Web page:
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  Red alert

Red alert

| DIPTI
Published : Aug 13, 2016, 11:07 pm IST
Updated : Aug 13, 2016, 11:07 pm IST

Paint the town red with blazing hues of scarlet and spice up your wardrobe

Zuhair Murai
 Zuhair Murai

Paint the town red with blazing hues of scarlet and spice up your wardrobe

No matter how many we encounter, there is just something about a lady in a red dress that ignites the imagination. Perhaps it’s the pure romance or the memories of salty, sunkissed lusty dream or simply the magic of that moment when a goddess struts down in a powerful scarlet number. And creative gurus feel it’s the colour of revolution and of blood.

 

“There is a powerful emblematic message to wearing a red dress,” says designer Gautam Gupta, adding, “It is ambiguous, yet universal. This colour family is symbolic of power and wealth as we all know and it has several social connotations too. In Hebrew, its etymology is the same as the word ‘Adam’ and in ancient Aztec it means simply ‘colour’. Now if we look further back in history and trace the evolution of mankind, we would quickly notice that the hue was also one of the first pigments to have been used in art, by cavemen grinding ochre, vermilion and cinnabar for their daubs. So in that sense, red is man’s first shade, both in visuals and vernacular landscape. Perhaps that’s why we find it so prominently appealing to our collective conscious and get enveloped in emotions and abstracts when we see it.”

 

Beside the social nuances, designer Sheena Aggarwal shares that red has a powerful quality to enhance the confidence of the person wearing it. “It is the ultimate cure for sadness. Fiery red is a mood elevator. It can boost confidence and make you feel more in control. Far from tapping into its connotations of anger or blind lust, I have celebrated it as a mood-lifter, a heightened state of emotion, clinically proven to enhance our ability to take in detail. There have been several researches and surveys on the colour and some of them even suggest that sports judges award more points to players in red; women who wear red dresses on their first dates are more likely to still be in that relationship; plus, if you’re wearing red as a singleton, you’re more likely to get that date in the first place. For the full effect, opt for a frock in true red, dresses with textural details like ruffles, pleats and velvet panels add interest to the monochromatic look without taking away from the hue’s brilliance. Beware of clashing your accessories, though.”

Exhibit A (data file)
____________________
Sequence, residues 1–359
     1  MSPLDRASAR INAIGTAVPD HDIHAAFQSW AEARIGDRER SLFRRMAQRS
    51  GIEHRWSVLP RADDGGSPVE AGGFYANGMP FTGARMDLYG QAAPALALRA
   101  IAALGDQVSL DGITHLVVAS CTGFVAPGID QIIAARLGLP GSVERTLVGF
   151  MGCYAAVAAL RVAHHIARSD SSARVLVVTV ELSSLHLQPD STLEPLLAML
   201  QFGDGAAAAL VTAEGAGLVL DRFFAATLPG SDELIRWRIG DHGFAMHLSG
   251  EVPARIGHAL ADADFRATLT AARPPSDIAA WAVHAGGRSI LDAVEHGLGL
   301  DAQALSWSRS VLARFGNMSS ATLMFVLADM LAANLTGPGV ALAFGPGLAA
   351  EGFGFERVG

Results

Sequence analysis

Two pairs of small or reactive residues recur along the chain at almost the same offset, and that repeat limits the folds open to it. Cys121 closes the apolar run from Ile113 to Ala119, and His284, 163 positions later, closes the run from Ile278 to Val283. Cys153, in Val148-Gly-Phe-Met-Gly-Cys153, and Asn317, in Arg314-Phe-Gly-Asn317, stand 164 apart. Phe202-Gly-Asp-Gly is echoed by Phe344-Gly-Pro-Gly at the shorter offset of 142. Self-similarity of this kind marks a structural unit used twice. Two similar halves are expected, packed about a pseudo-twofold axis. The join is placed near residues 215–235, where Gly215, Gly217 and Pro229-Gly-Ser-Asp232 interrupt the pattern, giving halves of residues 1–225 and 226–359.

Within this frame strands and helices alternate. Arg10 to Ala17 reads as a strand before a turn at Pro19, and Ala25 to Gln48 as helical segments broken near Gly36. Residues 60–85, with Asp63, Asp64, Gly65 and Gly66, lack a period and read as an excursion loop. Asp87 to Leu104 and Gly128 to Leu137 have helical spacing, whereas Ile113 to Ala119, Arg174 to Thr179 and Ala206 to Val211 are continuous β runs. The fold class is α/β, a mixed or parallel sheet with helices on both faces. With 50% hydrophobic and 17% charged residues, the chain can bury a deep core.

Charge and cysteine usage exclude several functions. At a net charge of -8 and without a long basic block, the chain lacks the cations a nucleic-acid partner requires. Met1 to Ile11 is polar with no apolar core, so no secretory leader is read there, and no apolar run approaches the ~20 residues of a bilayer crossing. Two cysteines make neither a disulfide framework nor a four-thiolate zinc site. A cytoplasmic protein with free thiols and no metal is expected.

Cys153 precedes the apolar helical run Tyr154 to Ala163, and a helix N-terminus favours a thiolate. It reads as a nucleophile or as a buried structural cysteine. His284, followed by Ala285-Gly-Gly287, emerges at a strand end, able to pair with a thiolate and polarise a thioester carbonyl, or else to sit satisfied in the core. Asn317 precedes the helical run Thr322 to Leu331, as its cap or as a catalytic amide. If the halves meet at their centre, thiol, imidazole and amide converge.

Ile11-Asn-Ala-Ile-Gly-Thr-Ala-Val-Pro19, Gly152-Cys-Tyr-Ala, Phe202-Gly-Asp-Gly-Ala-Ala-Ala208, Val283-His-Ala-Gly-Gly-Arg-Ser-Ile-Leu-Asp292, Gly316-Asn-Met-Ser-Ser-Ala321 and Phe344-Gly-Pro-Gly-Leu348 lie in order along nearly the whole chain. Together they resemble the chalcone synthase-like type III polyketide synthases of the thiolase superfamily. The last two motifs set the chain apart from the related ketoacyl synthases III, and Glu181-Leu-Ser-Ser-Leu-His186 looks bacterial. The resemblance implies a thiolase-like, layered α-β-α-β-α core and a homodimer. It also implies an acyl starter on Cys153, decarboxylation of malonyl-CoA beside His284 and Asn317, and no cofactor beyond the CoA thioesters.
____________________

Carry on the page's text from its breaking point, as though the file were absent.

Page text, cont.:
Go with bluer reds if your complexion is fair; spicier orange-reds will flatter darker skin, suggests designer Shruti Nijhawan, founder of SoShru. She adds, “Whatever you choose, keep your hairdo sleek and lips neutral. Red lips would be too matchy but no one is stopping you if you want to go all the way. But if you are hesitant then step out in black or nude shoes.”

On the other hand, designer Sheena Agarwaal of Agashe suggests, “Instead of pairing red with the usual black, break the monotony by pairing it with hot pink or even with blue/green. Using analogous or complementary colour pairing always makes an outfit more interesting. This is the colour block trend which is in vogue.”